Music is proud to present two re-releases
from the world’s most famous female
guitarist Jennifer Batten in June 2008 –
“Jennifer Batten ~ Above, Below &
Beyond” and “Jennifer Batten’s
Tribal Rage ~ Momentum”.
Batten’s Tribal Rage - Momentum”
CD was a labour of love which was developed
over a period of several years. “Momentum”
is a hybrid of rock and very exotic sounds,
including African percussion, Australian
didgeridoo, Caribbean steel drums and Scottish
bag pipes all wrapped up in a inviting album
of diverse influences and sounds.
back on the album’s creation Jennifer
comments, “Glen Sobel, Ricky Wolking
and I set out to make this a rich sonic
journey for ourselves and the listener.
We wanted to take them around the globe
and included a lot of elements from different
cultures. We spent a lot of hours developing,
rehearsing and jamming in Glen's mother’s
shoe closet. You couldn’t fit more
than the 3 of us and our equipment in there,
but the price was right. We set out to be
as open minded and creative as possible”.
The title comes from a rivitingly inspiring
TV series on public TV called "Millennium"
(soundtrack CD by Hans Zimmer). Each segment
of the series deals with different indigenous
tribes around the world. One section in
particular dealt with the "Wodaabe"
tribe in Africa, who lead a difficult nomadic
life. For 11 months of the year, they travel
in search of food and water for themselves
and their animals and a lot of them die
in the process. On the 12th month of the
year they all gather at a specific place
and party their booties off! One ritual
of interest is that the men (who consider
themselves the most beautiful in the world),
dress up in the grandest garb and tribal
face paints and dance for display at night.
The women sit back and watch and choose
which ones they'll “take”. It’s
like a “man market”.
The track intro begins with tribe-like chanting
which then morphs into percussive guitar
tapping. The dynamics run from a whisper
"ELEPHANT STOMP": I started
this one back on Michael Jackson’s
Dangerous Tour in '92. I just had the main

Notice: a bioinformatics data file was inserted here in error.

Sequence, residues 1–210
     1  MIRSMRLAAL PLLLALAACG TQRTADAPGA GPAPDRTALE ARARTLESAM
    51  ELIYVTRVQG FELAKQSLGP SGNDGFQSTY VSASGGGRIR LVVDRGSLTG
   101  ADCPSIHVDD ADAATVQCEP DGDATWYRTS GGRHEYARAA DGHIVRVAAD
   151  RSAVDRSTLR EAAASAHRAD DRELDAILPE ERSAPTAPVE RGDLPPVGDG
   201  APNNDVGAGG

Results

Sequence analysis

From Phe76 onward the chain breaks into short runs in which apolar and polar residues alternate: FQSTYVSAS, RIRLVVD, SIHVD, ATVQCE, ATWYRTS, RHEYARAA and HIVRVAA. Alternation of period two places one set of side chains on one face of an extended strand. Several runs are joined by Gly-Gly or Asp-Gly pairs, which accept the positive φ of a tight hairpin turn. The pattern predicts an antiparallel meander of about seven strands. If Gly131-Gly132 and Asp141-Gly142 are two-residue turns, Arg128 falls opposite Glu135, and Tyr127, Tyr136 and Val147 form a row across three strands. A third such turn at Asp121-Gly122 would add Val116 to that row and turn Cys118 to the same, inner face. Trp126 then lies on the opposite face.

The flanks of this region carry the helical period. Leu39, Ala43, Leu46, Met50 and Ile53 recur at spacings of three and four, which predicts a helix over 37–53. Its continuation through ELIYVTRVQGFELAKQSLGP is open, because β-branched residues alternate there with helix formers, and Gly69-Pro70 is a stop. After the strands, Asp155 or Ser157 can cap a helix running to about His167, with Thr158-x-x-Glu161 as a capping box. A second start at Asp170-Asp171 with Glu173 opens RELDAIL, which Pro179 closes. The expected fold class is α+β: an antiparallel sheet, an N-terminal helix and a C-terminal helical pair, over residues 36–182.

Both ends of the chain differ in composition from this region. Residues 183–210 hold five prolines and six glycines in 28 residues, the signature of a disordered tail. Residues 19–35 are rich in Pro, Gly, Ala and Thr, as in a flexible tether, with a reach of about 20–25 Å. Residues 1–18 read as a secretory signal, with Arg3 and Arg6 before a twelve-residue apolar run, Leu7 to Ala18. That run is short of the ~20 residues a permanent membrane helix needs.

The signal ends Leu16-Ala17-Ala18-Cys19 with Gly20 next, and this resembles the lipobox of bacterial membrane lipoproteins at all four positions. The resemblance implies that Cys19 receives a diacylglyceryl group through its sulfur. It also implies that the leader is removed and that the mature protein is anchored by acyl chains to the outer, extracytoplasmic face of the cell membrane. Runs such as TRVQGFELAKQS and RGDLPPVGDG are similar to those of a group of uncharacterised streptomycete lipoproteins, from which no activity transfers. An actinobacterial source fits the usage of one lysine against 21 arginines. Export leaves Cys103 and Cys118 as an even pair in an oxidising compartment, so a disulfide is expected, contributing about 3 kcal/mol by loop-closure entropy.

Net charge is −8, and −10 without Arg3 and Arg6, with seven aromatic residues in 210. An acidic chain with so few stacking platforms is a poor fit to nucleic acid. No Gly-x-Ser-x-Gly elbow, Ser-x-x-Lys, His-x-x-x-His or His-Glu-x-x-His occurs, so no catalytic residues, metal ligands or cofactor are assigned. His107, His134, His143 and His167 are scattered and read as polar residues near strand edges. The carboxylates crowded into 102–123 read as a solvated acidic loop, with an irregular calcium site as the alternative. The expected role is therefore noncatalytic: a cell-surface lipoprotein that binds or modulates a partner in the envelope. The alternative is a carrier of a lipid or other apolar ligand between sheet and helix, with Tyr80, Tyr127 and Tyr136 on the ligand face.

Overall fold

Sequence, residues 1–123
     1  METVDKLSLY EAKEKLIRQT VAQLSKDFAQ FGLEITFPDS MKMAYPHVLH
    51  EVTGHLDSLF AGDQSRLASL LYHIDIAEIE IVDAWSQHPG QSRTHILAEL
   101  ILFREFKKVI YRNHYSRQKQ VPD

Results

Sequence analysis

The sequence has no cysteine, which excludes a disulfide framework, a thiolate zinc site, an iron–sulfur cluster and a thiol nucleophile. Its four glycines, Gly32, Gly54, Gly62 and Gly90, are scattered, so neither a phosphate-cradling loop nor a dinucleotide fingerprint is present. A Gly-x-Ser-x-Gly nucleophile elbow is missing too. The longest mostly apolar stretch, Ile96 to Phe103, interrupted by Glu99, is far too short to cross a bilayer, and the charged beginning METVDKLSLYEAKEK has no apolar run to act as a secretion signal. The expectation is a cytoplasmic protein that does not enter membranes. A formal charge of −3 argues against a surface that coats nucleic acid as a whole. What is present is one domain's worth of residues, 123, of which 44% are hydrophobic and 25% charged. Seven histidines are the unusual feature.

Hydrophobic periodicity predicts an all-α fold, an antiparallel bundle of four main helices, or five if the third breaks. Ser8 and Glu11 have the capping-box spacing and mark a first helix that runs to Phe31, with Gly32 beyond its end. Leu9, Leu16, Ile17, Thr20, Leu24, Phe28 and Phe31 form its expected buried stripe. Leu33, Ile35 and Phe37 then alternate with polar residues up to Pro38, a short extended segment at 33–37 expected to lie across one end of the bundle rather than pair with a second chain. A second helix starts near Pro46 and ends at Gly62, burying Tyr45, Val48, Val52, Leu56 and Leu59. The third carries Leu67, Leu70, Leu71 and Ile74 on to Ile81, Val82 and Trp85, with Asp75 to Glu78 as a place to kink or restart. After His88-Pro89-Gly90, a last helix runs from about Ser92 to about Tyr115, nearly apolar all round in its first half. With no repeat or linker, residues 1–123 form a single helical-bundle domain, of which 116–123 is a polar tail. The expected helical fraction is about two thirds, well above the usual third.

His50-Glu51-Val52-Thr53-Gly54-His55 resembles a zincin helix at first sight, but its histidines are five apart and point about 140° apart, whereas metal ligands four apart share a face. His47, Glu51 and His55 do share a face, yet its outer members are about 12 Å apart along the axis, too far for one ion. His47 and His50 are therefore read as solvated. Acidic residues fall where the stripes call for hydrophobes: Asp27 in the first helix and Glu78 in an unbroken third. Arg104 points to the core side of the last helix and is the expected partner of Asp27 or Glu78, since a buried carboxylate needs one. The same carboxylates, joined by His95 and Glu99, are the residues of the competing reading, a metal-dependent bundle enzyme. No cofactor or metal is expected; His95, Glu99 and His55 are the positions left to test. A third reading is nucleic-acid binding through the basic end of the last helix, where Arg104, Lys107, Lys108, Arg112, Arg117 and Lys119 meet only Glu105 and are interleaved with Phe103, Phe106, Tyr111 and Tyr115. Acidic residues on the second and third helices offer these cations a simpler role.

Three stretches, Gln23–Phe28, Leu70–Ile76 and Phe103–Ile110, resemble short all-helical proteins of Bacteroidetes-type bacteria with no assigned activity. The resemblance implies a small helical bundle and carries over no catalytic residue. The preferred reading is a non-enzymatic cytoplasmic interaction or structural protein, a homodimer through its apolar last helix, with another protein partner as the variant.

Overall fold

groove for a while which made me visualize
elephants walking slowly so thus, the title.
(I obviously watched too many Tarzan movies
as a child.) There are a couple spots where
the guitar emulates a trumpeting elephant
(using Digitech's Whammy pedal). The elephants
in the intro are REAL however. The song
goes through various changes which all take
their time, as does the giant beast!
"ZULU WEDDING": This
is the bone chiller of the record. It's
one of my favorites as it was dredged up
from the depths of our collective emotional-tribal
spirit. Very exotic and hypnotic. Ricky
recorded himself while I was playing a gig
and upon my return, I heard his stuff and
said "it's perfect! Don't change ANYTHING!"
His bass growls with an incredible fierceness.
I actually got to play this in October 97
(during Michael Jackson's HIS tory Tour)
for some Zulus in South Africa during a
guitar clinic! That was never in my wildest
dreams when we wrote it.
"SCOTSMAN IN THE CARIBBEAN":
This one began as a groove the guys came
up with while I was on one of my many month
long guitar workshop trips to Europe. It's
very 'majory' sounding and I really dug
it as I tend to lean toward minor sounds
when I write. When I returned we got together
and the tune seemed to come together very
fast for the most part. This is also a dreamy
soundscape as is Zulu Wedding, but in a
very different, lighter way. It seemed natural
to combine bagpipe sounds with steel drums
though they come from different parts of
the planet. When it was done, it only seemed
appropriate to tap Chris Tervitt for the
spoken word intro, (a guy who I'd met working
on the “Bad Tour” in '87) for
his thick Scottish accent.
I used a Roland Guitar synth for the steel
drum solo in the middle. In the bagpipe
breaks I try to emulate a bagpipe by 2-hand
tapping on the strings. The song ends with
Glen the human octopus going OFFFFF , soloing
over an odd 13/8 groove.
My "bee theme" continues
on "THE SWARM".
I did a video for Flight of the Bumble Bee
in '92 for my 1st record where I was covered
with 150,000 live bees. I also got a bee
tattoo to commemorate the event. The main
guitar melody is all two-hand-tapping in
an effort to emulate a fluid mid-eastern
instrument. Ricky came up with this bee
swarm sounding bass line for the intro that
is relatively 'untranscribable' and I loved
it. This journey has a very moody movie-like
mid section break down and busts out full
force into the ending.
"GLOW" is another moody
one. I used a Digitech harmonizer to emulate
a 12 string guitar for this melody. The
main melody was actually inspired from my
many trips to Japan. The harmonics used
in comping play a big role in the light
texture of this track. The b section takes
a little trip into a reggae feel followed
by a taste of India with the vocal melody
in the bridge.
"UNPLUG THIS" This one
was just a title long before it was a tune.
It’s a satire of MTV’s marketing
push to sell all the top selling bands with
an unplugged acoustic album regardless of
how inappropriate it may have been. A talk
box effect was used in the chorus saying
Unplug...THIS! I sampled myself making the
nasty unplugging the guitar buzzy noise
in a few spots, as well as adding a "Joan
Baezy" acoustic hippie guitar strum
at the very end.